With more than 60 percent of the vote, the two-term incumbent weathered a challenge from Councilman Derek Raulerson.
“I’ve got to get myself busy and make sure we know what we’re facing with this new form of government,” said Smith, who will now immerse himself in the “nitty-gritty” details of daily operations. That's because the role of mayor will change when the new council takes office in November and elects a council president to set the agenda for and preside over the City Council meetings.
Under the new form of government, brought about by law because the city's population rose, the mayor will not be a voting member of the council but will have veto power for any legislation its members pass.
In Council Place 1, Jerry Parris and George Areno will move on to the Oct. 9 runoff election.
Two-term incumbent Areno faced a strong challenge in the return of Parris, who previously served on the council with Areno before his defeat in the last election cycle. Parris said he was excited to come out on top with more than 47 percent of the vote as a challenger.
“But I’ve got to work hard for six more weeks,” he said.
Areno said he expected a runoff but thought the votes would be closer.
Councilman Mark Jones held off a challenge by Kyle Warmack in Place 2. Jones, who serves as director of recreational sports and judicial coordinator at Jacksonville State University, took nearly 60 percent of the vote; Warmack, a student at Gadsden State Community College, was running for the council in the first election in which he is eligible to vote.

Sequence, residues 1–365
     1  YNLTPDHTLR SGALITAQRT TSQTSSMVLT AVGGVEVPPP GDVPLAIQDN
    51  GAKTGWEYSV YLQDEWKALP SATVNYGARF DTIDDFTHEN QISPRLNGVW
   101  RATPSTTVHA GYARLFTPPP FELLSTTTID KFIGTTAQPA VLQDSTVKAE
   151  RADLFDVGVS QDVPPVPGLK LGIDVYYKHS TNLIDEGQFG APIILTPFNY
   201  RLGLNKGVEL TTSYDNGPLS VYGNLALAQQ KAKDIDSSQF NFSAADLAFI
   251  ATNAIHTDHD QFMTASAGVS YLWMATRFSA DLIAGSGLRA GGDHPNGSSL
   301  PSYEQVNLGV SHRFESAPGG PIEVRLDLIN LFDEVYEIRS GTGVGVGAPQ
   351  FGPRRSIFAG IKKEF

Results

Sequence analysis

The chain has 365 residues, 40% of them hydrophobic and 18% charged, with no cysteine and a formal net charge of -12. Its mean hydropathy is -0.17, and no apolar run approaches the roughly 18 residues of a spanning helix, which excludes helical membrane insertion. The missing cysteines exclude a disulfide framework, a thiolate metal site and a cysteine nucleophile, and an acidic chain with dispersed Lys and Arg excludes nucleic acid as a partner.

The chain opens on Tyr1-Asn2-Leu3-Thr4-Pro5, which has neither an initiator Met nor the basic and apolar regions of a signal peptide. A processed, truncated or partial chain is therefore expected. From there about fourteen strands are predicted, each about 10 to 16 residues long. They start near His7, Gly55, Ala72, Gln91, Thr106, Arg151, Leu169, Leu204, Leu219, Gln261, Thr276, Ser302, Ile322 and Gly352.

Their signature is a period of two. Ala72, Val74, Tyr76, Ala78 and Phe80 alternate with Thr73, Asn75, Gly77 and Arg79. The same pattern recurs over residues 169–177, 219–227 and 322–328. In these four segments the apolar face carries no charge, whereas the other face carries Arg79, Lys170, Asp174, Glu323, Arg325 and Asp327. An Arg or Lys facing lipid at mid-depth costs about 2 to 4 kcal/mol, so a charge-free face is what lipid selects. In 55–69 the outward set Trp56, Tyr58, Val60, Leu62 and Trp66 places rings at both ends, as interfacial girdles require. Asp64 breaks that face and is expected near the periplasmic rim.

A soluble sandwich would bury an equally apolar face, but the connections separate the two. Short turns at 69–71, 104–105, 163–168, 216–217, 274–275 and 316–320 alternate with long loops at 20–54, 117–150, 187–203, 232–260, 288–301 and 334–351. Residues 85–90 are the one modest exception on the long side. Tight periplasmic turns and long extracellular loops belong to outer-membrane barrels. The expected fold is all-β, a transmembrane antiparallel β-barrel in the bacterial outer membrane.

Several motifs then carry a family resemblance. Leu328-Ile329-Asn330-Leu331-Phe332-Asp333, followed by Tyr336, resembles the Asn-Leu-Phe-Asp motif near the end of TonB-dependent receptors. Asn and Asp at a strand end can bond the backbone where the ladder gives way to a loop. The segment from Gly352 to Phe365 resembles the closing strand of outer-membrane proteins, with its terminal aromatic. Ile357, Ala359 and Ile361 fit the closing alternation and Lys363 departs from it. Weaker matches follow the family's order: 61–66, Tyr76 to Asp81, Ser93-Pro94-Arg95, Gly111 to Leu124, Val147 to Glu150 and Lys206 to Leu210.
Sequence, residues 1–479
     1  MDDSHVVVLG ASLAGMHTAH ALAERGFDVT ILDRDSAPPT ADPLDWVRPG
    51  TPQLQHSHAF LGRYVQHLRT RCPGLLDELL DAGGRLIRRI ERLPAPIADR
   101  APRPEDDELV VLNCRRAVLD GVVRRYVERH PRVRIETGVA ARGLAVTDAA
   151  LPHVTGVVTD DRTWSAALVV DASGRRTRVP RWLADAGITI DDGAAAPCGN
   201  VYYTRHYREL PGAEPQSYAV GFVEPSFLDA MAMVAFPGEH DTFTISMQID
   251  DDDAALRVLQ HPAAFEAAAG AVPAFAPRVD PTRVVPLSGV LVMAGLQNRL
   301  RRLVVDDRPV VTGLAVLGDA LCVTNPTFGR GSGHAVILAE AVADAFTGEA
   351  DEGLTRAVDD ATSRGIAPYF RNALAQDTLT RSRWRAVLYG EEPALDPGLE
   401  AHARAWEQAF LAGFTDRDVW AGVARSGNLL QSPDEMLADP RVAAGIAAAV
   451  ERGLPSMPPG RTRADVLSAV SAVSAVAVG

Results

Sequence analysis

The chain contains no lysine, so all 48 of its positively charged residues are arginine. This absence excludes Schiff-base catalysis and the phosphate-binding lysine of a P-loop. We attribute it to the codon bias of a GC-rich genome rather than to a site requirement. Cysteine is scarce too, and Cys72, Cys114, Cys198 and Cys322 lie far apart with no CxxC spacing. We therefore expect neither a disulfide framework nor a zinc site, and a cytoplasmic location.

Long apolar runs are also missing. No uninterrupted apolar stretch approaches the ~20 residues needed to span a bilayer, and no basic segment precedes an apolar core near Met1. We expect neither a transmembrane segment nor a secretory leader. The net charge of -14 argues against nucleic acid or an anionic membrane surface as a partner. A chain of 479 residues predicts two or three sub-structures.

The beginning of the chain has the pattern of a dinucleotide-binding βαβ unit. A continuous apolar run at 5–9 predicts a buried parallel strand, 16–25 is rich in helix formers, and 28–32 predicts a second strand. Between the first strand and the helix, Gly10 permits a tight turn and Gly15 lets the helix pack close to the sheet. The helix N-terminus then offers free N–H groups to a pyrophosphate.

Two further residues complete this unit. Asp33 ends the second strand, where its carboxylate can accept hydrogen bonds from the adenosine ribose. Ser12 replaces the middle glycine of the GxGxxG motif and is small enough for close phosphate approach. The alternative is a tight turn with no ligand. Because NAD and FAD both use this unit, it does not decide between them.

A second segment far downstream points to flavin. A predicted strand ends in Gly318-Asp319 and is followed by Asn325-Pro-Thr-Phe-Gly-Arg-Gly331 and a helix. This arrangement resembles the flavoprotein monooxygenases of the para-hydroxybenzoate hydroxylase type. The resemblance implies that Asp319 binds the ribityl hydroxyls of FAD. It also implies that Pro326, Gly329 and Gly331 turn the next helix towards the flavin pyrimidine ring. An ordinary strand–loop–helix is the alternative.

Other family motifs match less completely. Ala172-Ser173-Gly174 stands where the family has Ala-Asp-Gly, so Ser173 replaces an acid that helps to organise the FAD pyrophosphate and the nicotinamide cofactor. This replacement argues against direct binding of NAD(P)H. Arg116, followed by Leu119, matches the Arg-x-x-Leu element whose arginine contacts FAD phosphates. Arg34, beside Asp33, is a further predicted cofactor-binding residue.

Jonathan Tompkins pulled out a victory in the three-man race for council Place 5.
“It will be good for my family to have me back for a few days,” Tompkins said of the outright win.
Emily Sims unseated incumbent and current school board president Caroline Allen-Ross in the race for Place 4. “I’m really excited, thrilled with this opportunity,” said Sims, a former middle school educator who now teaches aspiring teachers.
Two-term incumbent Kelly Haynes Pearce, who serves as vice-president of the board, held onto her seat in Place 3 with a wide margin over Steven Sewak.
Political newcomer David Glass, who faced William Walter for school board Place 5, brought home more votes — 1,245 — than any other candidate in Jacksonville Tuesday night.
“It feels good,” he said. “I’m excited to get in there and make a difference.”